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Old 10-13-2016, 12:11 PM   #1
30+ year RV'er
 
Join Date: Feb 2015
Location: Manassas, VA
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Mod: Using existing Cable TV jack for Satellite

Over the years I have come across many campers that are frustrated because they have a portable satellite dish antenna, but their camper has only a “Cable TV” input located on the camper exterior. Of course, you cannot use a “Cable TV” jack for sending the signal from the portable satellite dish antenna to inside the camper – or can you? Well with a fairly simple modification you can maintain your cable-ready capability - while adding the ability to use it for a portable satellite dish antenna feed (just not at the same time). I am a retired RF professional, and offer this modification to this community because those that need it, really appreciate it! But no warranty or guarantees are expressed or implied, and any modification is done at your own risk.

As an overview, the frequencies used by a cable TV service are below 1 gigahertz (GHz). The frequencies used between the portable satellite dish antenna and the satellite receiver service are above 1 GHz. So what is needed is a device (called a diplexer) that separates the two services just before the coaxial cable from the outside connects to the antenna booster on the inside. Once separated, the cable service signal is reattached to the antenna booster and works as it did before, and the satellite dish antenna service goes to a new wall jack to which you can connect your satellite receiver. Result: if you plug in the park’s cable, it works just like it did before the modification; and, if you plug in your dish, it is available at the new jack (that you mark satellite). However, doing this requires removing/reinstalling the antenna booster, adding short cables, drilling a 5/8” hole, and installing a new coax jack plate. If you are not comfortable with this level of modification, stop here!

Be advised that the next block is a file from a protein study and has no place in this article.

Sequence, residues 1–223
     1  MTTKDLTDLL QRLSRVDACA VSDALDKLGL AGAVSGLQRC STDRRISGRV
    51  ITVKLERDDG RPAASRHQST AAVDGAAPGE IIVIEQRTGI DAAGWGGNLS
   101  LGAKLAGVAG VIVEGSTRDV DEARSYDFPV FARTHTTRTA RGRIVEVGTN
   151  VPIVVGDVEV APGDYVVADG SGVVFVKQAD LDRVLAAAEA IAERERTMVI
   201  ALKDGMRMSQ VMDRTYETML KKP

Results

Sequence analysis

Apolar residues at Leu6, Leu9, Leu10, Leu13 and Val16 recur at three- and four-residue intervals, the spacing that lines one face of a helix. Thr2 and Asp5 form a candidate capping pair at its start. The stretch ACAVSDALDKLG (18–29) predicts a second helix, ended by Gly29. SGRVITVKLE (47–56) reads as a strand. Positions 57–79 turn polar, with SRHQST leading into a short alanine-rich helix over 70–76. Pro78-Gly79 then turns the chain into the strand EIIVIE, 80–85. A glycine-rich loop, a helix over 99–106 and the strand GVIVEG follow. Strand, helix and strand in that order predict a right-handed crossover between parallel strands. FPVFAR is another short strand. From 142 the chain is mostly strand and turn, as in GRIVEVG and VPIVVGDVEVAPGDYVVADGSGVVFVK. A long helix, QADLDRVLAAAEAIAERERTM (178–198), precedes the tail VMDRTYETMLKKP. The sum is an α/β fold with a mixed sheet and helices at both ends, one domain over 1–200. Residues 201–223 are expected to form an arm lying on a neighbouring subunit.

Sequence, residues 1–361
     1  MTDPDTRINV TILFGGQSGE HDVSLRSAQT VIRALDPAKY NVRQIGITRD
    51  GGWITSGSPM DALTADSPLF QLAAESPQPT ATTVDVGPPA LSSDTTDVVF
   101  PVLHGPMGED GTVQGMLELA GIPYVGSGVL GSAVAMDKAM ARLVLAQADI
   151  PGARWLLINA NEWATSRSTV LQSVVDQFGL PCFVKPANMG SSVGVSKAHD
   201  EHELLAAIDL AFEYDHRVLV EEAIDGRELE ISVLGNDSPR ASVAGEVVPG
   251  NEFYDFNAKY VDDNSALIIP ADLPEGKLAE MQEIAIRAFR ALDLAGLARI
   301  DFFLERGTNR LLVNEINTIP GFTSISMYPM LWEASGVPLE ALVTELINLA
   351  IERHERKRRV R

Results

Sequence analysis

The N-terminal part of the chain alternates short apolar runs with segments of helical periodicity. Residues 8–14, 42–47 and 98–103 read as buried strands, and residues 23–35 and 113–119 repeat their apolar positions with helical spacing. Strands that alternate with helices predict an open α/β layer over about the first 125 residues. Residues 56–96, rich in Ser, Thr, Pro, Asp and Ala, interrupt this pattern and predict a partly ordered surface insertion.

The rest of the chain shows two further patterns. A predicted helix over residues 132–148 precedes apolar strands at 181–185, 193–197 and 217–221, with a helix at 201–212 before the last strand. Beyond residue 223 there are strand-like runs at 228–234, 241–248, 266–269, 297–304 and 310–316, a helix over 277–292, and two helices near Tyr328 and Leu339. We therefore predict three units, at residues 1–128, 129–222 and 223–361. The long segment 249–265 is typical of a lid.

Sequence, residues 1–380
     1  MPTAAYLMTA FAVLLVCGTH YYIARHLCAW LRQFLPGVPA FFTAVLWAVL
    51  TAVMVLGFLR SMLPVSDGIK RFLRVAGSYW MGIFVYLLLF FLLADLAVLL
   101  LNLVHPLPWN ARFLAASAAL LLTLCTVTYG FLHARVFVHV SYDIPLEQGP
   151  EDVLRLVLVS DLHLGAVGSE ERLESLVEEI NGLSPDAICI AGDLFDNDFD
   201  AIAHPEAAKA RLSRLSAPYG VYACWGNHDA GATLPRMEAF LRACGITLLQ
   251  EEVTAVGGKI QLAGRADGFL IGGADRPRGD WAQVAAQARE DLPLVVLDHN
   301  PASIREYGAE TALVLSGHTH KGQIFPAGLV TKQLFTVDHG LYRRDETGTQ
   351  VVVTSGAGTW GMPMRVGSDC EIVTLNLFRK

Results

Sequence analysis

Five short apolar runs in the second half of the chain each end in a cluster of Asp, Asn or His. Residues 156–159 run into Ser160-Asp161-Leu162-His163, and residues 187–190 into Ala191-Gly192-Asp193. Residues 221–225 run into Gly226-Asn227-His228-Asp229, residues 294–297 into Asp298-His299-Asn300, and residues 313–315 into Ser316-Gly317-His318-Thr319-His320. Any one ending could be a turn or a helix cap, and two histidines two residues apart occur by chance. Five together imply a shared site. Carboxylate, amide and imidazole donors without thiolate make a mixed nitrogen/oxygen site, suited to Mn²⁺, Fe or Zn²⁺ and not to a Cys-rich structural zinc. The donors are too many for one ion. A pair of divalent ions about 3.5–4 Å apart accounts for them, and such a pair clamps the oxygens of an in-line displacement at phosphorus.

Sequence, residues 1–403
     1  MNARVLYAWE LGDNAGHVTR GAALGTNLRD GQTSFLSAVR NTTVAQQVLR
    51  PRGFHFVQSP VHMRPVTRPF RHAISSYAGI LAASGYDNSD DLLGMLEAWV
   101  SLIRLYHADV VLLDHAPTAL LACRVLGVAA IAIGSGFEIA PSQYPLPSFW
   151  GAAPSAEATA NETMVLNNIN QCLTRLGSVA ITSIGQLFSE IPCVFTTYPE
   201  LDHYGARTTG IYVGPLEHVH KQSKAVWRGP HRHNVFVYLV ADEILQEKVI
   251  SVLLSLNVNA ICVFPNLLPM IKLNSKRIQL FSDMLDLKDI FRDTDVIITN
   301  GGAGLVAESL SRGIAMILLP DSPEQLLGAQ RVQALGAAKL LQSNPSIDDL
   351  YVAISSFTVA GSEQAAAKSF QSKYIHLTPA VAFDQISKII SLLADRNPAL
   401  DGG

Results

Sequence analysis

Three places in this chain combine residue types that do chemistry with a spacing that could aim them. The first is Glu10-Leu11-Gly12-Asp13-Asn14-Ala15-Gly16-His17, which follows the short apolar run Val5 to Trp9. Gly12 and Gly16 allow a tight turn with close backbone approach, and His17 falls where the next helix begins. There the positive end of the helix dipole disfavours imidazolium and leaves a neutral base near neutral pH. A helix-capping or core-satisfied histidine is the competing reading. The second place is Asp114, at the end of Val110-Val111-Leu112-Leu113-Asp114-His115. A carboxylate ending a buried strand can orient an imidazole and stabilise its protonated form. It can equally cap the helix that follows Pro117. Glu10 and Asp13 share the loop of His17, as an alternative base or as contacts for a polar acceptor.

The supplies listed below are from Solid Signal with a parts cost of about $15. There are other places to purchase these supplies, but be sure they meet satellite signal specifications. I selected Solid Signal because it carries everything needed.

Step 1. Purchase the following items that can be found at SolidSignal.com or other sources:
(A) Quantity One: Pico Digital Custom Pre-Assembled Coaxial Cable Jumpers - Six Inch (JRG6C-6) P\N: JRG6C-6

(B) Quantity One: Pico Digital Custom Pre-Assembled Coaxial Cable Jumpers - 1ft (JRG6C-12) P\N: JRG6C-12

(C) Quantity One: Skywalker Signature Series SKY05091I Wall Plate w/single 3.0ghz F-81 Ivory* (SKY05091I) P\N: SKY05091I * As a BROWN alternative to the above, check Amazon: Datacomm 32-2024-BR 2.4 GHz Coax Wall Plate (Brown)

(D) Quantity One: Holland DPD2 Diplexer Dual Satellite Dish TV Antenna Combiner (DPD2) P\N: DPD2

(E) Quantity One: Sonora Male to Female F-Right Angle 5-Pack (HRF90-5PK) P\N: HRF90-5PK

Step 2. Disconnect the 12v fuse that powers the antenna booster and confirm that with the antenna booster on, the pilot light goes out when the fuse is pulled.

Step 3. Remove the antenna booster from the wall by removing the screws and carefully tilting the top out and lifting the unit up and cables away from the wall.